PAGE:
I have been trying to study elliptic functions and theta function for quite some time and have already got the hang of the classical theory (Jacobi/Ramanujan) based on real analysis, and now would like to study the arithmetical part related to imaginary quadratic fields and their relation to elliptic functions. Having very limited knowledge of Group Theory and Galois Theory (and things covered under Modern/Abstract Algebra) I tried to find classical references and stumbled upon Weber's Algebra, but unfortunately it is in German. Does anyone know if an English translation exists and if so how can it be obtained?

If there is no English translation available can someone point out any good references for "Imaginary quadratic fields and their relation to elliptic functions" keeping in view my very limited knowledge of Abstract Algebra.

  • $\begingroup$ This book was pivotal for my thesis (all the stuff of the $\,j-$invariant) and I had to swallow it in german. If you're already at a stage you need Weber then you may as well begin to work your way through german. OTOH, being with a "very limited" knowledge of group theory and Galois theory getting into elliptic functions seems to be not a very good idea...hopefully your complex analysis is better, but anyway I think you must first try to cover these three subjects thoroughly. $\endgroup$ – DonAntonio Jul 8 '13 at 7:58
  • $\begingroup$ In the past I have tried to study Group Theory / Galois Theory but somehow it looks so different from other mathematical fields like "Analysis", "Number Theory". The final results in Group Theory look too deep compared to the starting axioms and elementary results. I am just unable to believe that such simple axioms of a group lead to such complex and deep results. That's one of the major stumbling blocks. To give an example I read construction of regular polygons from Disquisitiones Arithmeticae and found it to be much simpler than the corresponding treatment from Galois Theory. $\endgroup$ – Paramanand Singh Jul 8 '13 at 8:07
  • $\begingroup$ First, there are no "final results" in most mathematical fields, and not in group theory. OTOH, you're really going to need bad all this stuff if you really want to understand elliptic functions in some depth. $\endgroup$ – DonAntonio Jul 8 '13 at 8:11
  • $\begingroup$ I got your point DonAntonio and I believe it will require some reasonable amount of time and hard work before I can appreciate elliptic functions and quadratic fields. Will definitely put effort regarding this. BTW, by "final" results I meant results presented in later (last) chapters on books of Group theory. Sorry if that term offended. $\endgroup$ – Paramanand Singh Jul 8 '13 at 8:16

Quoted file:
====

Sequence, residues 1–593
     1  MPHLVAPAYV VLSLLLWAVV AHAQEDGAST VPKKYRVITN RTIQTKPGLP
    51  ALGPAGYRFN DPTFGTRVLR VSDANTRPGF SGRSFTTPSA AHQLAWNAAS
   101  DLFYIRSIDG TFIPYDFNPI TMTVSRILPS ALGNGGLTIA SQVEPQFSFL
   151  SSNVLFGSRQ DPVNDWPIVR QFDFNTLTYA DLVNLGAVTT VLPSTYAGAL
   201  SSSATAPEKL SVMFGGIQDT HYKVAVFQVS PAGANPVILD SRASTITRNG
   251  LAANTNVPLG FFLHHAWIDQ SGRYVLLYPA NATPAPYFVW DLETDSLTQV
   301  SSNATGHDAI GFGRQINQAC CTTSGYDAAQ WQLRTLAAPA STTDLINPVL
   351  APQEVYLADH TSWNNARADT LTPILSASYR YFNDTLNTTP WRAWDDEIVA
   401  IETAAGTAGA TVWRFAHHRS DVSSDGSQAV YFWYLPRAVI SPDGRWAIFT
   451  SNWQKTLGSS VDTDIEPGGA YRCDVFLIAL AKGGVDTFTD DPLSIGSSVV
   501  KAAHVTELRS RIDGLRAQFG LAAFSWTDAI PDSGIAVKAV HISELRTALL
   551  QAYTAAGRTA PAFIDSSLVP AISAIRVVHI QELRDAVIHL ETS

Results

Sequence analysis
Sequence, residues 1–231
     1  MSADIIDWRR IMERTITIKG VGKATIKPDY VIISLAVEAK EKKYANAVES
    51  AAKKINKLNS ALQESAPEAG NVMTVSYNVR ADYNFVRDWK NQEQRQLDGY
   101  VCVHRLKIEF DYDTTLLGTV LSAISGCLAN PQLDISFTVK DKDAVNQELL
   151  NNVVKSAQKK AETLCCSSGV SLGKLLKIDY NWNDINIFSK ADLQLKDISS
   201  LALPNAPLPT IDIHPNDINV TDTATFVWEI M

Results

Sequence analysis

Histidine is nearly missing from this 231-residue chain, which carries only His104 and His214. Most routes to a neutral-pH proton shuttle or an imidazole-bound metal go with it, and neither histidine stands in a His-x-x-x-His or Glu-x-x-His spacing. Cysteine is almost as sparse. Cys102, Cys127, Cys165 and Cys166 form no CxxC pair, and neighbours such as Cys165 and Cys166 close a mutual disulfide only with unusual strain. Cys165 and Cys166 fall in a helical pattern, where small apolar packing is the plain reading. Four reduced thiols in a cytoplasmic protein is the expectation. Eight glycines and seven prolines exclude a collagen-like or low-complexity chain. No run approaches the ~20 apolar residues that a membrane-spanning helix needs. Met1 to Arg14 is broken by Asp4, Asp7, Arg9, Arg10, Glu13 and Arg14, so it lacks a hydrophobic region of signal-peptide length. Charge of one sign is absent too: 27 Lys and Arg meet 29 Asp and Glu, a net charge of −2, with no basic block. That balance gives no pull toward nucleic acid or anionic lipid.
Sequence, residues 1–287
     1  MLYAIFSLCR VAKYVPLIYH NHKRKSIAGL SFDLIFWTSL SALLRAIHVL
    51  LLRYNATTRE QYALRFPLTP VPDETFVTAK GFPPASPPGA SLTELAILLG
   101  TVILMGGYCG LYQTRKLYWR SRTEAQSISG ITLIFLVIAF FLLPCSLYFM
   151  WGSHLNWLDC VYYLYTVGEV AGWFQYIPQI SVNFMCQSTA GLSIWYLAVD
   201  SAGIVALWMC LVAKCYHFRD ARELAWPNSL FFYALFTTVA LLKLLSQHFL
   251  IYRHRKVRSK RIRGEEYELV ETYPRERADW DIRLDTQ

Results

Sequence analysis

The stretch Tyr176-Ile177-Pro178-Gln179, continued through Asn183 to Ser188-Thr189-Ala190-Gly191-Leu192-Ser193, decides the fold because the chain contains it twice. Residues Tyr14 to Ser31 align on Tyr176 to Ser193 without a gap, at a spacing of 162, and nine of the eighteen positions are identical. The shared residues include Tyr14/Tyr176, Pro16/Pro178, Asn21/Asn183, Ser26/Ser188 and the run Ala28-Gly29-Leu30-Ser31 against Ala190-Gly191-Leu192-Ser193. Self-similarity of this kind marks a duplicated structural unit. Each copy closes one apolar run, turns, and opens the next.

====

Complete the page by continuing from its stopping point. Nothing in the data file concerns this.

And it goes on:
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    $\begingroup$ Dear Paramanand, If your aim is to quickly reach into modern arithmetical theory, the best reference for you at this stage might be E. Hecke, Lectures on the Theory of Algebraic Numbers. It is hard to beat it, and it has no prerequisites at all. It does not contain the proof of Kronecker-Weber, unfortunately. It does contain a great many interesting things, though. Definitely have a look. $\endgroup$ – user96815 Oct 31 '13 at 16:00

This is a very deep subject which continues to be pivotal in contemporary number theory. I've never read Weber carefully, but my impression is that his arguments are difficult to follow and regarded as somewhat incomplete. For example, in his solution of the class number one problem, Heegner cited some of Weber's results, and my sense is that one of the reasons that people originally rejected Heegner's argument was that these resuls of Weber were regarded as unproved.

There is a survey by Brian Birch from the late 60s where he goes over the results of Weber that Heegner uses and shows why they are all valid (and hence why Heegner's argument is valid); his arguments use class field theory.

In general, I'm not sure that you can learn all that much about this subject without learning some Galois theory and algebraic number theory; indeed, proving the relationships between quad. imag. fields and elliptic functions was one of the driving forces in the invention of algebraic number theory and class field theory.

You could try the book of Cox, Primes of the form $x^2 + n y^2$, which surveys some of this material. I would guess that it uses more algebraic number theory than you would be comfortable with, but perhaps it will give you some hints.

There is also the book $\pi$ and the AGM by the Borwein brothers, which gives a very eclectic survey of some this material. The proofs are both elementary and (often) quite unusual from a modern, systematic point of view. But they may be more accessible to you, and it is an amazing book with a lot packed into it.

  • $\begingroup$ Thanks Matt E for the references. Fortunately I have both the books with me. And I love the way Pi and the AGM is written. Based on it I have written some posts in my blog. But the other book from David Cox deals with too many algebraic topics and it seems I will need to study these concepts in detail. I also have David Cox "Galois Theory" with me. Do you think it will be worthwhile to study this first and then go to "Primes of the form ..."? $\endgroup$ – Paramanand Singh Jul 8 '13 at 7:43